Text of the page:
The beginning of the year saw higher purchasing power of the employed
Strong wage increases (the average gross wages posted annual growth of 8.6% in the first quarter) combined with moderate inflation and legislative amendments have led to a notable boost in the growth rate of the real net wage, thus resulting in higher purchasing power of the employed.
The health and social care sectors saw the most rapid rise in wages reflecting the fact that part of the additional funds allocated to the health care sector in 2018 where used for raising wages. Nevertheless, the average remuneration in the sector is still below the country's average. Wages also grew more rapidly in the agriculture, forestry and fishing sectors which were more affected both by the raising of the minimum wage (Latvia's minimum wage was increased to 430 euro in 2018) and growing activity in the logging industry.
Businesses continue to complain about labour shortages, while about a half of the population point to difficulties with finding a job. Who is right? The labour market is struggling to balance supply and demand. In the search for equilibrium, wages continue to grow. To comply with the legislative amendments (higher minimum wages) and to attract new employees or to keep the existing ones, businesses are forced to increase wages.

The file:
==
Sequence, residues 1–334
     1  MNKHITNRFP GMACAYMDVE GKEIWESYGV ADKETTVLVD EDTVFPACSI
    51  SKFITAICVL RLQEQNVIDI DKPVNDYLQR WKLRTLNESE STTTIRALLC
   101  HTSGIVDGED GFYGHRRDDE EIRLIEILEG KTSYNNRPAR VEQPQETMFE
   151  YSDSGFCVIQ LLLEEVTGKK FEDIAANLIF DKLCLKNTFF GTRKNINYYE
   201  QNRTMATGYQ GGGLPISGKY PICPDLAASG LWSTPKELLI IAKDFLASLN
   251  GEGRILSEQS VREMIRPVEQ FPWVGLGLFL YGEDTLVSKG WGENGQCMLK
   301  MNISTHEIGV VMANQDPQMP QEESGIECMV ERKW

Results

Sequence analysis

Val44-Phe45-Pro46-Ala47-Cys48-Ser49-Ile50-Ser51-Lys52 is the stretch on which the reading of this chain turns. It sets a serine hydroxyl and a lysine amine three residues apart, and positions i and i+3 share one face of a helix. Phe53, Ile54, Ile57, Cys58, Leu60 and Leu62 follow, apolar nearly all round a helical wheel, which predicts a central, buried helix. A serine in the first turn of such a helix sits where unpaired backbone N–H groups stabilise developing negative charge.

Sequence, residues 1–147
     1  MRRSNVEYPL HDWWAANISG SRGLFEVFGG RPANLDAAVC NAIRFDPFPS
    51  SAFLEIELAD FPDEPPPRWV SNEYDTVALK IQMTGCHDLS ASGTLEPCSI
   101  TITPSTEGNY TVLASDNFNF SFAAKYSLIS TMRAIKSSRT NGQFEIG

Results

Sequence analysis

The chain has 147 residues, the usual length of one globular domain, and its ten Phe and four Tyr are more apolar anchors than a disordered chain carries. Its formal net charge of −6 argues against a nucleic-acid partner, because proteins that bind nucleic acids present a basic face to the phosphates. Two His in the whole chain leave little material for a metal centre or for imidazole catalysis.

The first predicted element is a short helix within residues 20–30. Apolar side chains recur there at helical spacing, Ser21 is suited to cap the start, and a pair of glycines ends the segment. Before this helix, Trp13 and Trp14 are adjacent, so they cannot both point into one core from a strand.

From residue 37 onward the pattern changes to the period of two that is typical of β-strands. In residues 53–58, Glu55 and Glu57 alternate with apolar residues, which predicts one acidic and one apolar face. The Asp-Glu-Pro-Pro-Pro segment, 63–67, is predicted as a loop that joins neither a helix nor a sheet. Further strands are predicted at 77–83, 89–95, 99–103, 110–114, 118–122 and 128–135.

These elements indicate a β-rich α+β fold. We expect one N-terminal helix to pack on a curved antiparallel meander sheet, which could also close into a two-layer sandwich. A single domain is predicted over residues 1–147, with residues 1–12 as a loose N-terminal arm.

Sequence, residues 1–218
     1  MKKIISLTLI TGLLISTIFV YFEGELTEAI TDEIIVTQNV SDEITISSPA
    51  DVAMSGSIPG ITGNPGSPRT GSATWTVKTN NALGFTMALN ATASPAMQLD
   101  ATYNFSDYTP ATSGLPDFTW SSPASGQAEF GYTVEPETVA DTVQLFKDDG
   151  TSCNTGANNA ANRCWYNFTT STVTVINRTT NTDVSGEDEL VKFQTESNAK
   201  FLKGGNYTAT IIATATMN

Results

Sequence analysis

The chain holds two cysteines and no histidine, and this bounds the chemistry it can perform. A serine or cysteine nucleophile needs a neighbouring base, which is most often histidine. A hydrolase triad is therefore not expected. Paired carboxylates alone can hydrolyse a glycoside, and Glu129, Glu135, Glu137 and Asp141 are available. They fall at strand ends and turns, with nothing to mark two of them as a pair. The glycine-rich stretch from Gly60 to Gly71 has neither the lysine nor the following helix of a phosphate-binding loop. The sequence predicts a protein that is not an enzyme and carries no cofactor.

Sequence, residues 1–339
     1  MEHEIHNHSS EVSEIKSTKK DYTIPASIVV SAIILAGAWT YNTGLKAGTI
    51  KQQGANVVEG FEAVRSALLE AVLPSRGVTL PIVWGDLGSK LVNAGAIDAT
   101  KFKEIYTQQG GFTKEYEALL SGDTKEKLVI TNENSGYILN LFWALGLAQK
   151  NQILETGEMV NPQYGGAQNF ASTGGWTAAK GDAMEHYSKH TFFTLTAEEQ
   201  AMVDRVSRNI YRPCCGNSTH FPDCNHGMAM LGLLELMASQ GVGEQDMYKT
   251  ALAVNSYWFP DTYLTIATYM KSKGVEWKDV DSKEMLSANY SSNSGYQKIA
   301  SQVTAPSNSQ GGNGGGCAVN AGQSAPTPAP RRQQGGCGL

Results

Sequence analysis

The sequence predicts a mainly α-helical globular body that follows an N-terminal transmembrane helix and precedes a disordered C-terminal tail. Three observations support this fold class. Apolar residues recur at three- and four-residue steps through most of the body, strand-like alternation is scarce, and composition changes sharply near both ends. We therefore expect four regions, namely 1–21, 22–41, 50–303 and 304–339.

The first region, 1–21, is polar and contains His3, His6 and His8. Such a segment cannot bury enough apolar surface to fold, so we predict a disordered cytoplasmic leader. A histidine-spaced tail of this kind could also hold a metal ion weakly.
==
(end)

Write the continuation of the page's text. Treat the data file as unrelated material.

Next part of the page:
Considering that unemployment continues on a downward trend and the decline, although slowing down, is expected to persist throughout the year, wages are likely to keep rising steadily. Consumer confidence survey data for May also suggest that households expect their financial situation to improve over the year to come. However, wages cannot be raised from thin air as it would increase the spinning risk of the wage-inflation spiral: with wages growing, the households' real purchasing power would not improve since prices would grow accordingly. So far, though, inflation has remained moderate in Latvia largely on account of energy price hikes. Nonetheless, prolonged wage growth, where not backed by a corresponding increase in productivity, may create pressure on prices and business competitiveness. However wonderful it may sound that the "minimum wage should be raised to 1000 euro", each decision has its consequences. Would we be willing to pay 2, 5 or even 10 euro instead of just 1 euro for 1 litre of milk? The wage increase must be reasonable also in the future and must reflect productivity gains.
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